I can't think of any case where those would be falsy. What exactly did you experiment with that made it appear that way?

Sanity check...

node -e "if (({})) console.log('truthy')" // requires wrapper to not interpret as block
node -e "if ([]) console.log('truthy')"

Logs truthy twice

[] == false // true
let obj = {}
obj == false // true

Oddly, node -e "if ([] == false) console.log('truthy')" logs truthy, but node -e "if ({} == false) console.log('truthy')" doesn't.

Oh Javascript...

The moral of the story: always use ===.

I used an extra variable for obj because {} == false got me a syntax error.

You have to wrap it in parens b/c JS treats toplevel curlies as a "block" rather than an object. But, of course, if you begin a line with parens, then it will become a function call on the previous line, if one exists, so for sanity's sake, begin any paren line with a semicolon (same for brackets).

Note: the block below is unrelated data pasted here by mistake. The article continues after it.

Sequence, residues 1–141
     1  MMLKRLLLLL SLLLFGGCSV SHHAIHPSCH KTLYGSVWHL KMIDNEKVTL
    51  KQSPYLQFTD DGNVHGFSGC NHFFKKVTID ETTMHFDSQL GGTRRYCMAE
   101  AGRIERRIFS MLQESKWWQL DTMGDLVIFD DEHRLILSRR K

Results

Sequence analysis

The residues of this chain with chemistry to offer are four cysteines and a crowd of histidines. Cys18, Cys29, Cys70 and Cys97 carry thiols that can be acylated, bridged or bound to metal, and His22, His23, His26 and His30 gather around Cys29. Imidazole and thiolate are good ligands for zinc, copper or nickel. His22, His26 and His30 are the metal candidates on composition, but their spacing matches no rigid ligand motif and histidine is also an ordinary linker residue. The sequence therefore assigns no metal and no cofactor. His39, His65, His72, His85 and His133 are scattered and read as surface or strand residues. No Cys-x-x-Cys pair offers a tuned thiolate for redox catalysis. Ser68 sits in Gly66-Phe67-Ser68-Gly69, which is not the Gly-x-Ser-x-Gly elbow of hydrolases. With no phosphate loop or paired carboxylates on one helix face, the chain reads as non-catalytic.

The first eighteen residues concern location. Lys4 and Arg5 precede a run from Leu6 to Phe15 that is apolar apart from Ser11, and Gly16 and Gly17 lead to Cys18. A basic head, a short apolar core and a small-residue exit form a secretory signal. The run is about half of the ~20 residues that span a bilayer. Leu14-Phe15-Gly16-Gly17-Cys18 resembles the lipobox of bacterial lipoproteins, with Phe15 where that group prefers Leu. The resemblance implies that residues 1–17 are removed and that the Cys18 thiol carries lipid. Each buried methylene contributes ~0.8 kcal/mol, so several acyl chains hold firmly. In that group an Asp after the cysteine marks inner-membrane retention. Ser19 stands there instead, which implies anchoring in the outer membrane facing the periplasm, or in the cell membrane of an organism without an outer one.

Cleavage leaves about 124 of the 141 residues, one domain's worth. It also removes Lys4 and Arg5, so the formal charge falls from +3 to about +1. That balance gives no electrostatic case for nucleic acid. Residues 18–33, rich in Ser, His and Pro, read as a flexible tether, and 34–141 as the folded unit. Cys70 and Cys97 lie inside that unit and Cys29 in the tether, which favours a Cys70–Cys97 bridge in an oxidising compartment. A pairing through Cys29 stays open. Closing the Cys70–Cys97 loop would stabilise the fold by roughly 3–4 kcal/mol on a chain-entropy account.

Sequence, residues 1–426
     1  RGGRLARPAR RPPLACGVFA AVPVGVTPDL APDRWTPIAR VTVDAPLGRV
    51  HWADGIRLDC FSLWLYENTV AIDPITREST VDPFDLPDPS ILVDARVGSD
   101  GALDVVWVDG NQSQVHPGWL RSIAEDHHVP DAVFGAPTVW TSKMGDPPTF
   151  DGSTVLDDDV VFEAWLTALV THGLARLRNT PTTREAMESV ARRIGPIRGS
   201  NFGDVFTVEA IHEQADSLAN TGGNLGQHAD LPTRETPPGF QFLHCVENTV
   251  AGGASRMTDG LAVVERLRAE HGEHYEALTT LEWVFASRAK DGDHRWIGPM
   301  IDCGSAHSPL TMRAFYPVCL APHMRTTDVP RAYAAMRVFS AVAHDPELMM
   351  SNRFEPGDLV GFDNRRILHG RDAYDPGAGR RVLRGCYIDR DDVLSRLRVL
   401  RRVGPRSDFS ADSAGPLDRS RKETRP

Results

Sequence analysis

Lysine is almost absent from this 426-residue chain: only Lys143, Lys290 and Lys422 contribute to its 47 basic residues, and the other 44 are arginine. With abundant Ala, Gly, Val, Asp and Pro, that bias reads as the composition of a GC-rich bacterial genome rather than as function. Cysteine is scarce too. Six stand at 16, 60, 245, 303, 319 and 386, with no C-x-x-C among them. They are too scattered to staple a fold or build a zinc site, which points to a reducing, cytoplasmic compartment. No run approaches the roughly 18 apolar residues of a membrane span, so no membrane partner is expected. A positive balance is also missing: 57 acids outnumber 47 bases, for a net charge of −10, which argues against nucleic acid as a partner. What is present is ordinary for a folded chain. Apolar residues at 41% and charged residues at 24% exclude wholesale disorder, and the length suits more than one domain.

Personally, I think it's really iffy to say that {} and [] are falsy values. I've always understood "falsy" to mean you can drop it into a conditional and it will behave like false would have:

$ node -p ';[false, null, undefined, 0, NaN, "", [], {}].map(v => [v?"X":"√︎",v])'
[ [ '√︎', false ],
  [ '√︎', null ],
  [ '√︎', undefined ],
  [ '√︎', 0 ],
  [ '√︎', NaN ],
  [ '√︎', '' ],
  [ 'X', [] ],
  [ 'X', {} ] ]
code of conduct - report abuse